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Dr Alistair Brown | Associate lecturer in English Literature; researching video games and literature

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New Essay

Through exploring the psychopathology of Capgras syndrome, in which a patient mistakes a loved one for an imposter, The Echo Maker offers a sustained meditation on the ways in which we project our own problems onto other people. As a reflection on the mysteries of consciousness, the novel offers some interesting if not especially new insights into the fuzzy boundaries between scientific and literary interpretations of the mind. Read more


The War on Grammar

Thursday, March 30, 2006

The editor of the Cambridge Grammar of English was on the radio today, defending the controversial stance of the new edition of the style guide, which says that rules of grammar are less important than clear communication. It argues that if the reader or listener's understanding is not compromised, then "good" grammar has been used, a stance I am inclined to agree with since, as I have argued in an essay on this site, we rarely realise just how much abuse our language can take and still allow our message to get across.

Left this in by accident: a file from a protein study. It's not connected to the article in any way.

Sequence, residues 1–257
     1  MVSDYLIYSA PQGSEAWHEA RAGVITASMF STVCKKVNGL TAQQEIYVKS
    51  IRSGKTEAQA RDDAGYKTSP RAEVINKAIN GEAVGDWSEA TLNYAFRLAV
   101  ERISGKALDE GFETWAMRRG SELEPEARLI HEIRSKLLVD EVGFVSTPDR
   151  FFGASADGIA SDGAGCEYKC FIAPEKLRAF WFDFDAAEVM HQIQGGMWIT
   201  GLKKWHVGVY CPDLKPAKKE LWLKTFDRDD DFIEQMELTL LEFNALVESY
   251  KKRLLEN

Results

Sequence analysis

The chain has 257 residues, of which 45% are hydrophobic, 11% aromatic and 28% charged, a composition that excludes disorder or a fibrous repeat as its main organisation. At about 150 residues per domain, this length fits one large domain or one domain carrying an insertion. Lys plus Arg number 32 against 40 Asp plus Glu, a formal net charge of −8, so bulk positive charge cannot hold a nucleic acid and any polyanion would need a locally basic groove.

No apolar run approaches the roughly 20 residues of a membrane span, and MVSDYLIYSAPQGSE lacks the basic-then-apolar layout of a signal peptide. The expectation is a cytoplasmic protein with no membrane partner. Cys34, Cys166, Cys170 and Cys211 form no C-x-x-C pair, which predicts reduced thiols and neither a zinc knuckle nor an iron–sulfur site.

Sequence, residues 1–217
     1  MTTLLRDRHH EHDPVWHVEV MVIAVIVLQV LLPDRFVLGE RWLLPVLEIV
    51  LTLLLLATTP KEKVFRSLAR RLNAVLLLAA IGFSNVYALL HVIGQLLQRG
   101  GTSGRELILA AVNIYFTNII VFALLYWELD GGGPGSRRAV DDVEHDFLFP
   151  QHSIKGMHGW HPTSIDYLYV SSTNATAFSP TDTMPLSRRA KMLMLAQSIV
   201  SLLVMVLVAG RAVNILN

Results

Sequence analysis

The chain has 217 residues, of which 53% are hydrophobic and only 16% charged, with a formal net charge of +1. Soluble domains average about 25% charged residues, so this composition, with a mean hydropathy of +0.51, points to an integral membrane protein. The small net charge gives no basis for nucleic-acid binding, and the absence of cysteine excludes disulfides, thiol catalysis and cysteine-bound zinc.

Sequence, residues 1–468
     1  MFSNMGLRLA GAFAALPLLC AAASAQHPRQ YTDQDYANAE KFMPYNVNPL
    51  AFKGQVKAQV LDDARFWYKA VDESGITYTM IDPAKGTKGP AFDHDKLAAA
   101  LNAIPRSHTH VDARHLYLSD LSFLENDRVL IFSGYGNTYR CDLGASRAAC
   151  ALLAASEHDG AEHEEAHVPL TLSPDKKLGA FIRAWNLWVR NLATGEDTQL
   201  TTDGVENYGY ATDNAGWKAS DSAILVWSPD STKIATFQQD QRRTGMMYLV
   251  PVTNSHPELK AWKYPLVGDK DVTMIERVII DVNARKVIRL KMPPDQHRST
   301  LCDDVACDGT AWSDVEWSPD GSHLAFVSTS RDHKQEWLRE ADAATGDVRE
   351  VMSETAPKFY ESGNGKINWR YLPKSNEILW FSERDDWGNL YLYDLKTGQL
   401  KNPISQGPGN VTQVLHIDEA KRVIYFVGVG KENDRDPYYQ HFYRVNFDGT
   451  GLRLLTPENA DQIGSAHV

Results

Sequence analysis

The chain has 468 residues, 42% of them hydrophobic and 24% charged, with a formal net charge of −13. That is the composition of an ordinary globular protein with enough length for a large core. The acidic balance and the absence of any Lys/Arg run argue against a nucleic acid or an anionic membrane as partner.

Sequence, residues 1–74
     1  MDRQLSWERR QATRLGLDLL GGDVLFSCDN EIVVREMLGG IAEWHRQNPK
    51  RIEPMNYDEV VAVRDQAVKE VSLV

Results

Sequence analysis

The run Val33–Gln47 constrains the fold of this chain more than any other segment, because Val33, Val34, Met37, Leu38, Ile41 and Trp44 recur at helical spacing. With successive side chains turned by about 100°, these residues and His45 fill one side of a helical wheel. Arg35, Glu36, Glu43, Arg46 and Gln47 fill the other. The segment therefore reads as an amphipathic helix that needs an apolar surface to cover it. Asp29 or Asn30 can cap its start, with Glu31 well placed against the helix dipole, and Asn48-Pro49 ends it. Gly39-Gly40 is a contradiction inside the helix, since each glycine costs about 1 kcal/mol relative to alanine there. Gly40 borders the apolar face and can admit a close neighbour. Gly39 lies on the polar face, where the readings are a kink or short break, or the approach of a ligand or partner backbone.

However, the editor also said, as I did in that essay, that we must recognise that language works not just by what we say, but also how we say it. Consequently, saying something with sloppy disregard to regular rules in a conversation with friends (probably scattering the word "like" liberally throughout as well) is fine. However, in a formal essay, no matter how well-researched it may be, if the writer cannot use language in a controlled and orthodox way, I am less likely to be persuaded by his arguments. Thus it was with some amusement that on the day I heard the radio programme, I received a letter from the Home Office, responding to a letter I had sent to them through Amnesty International, regarding the trials (or lack of) of terrorist suspects. In the page-long response, I counted five basic errors of grammar or style, including several Governments lacking apostrophes, and the obfuscatory sentence, "It is not our policy to discuss individual cases and that the majority of those who have been detained for national security reasons are the subject of court orders made by the Special Immigration Appeals Commission under the Contempt of Court Act." Needless to say, that the press office at the Home Office cannot write correctly is hardly the least of my worries about the way our government has acted in the "War on Terror," but this evidence certainly does little to modify my opinions.

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Posted by Alistair at 4:45 pm

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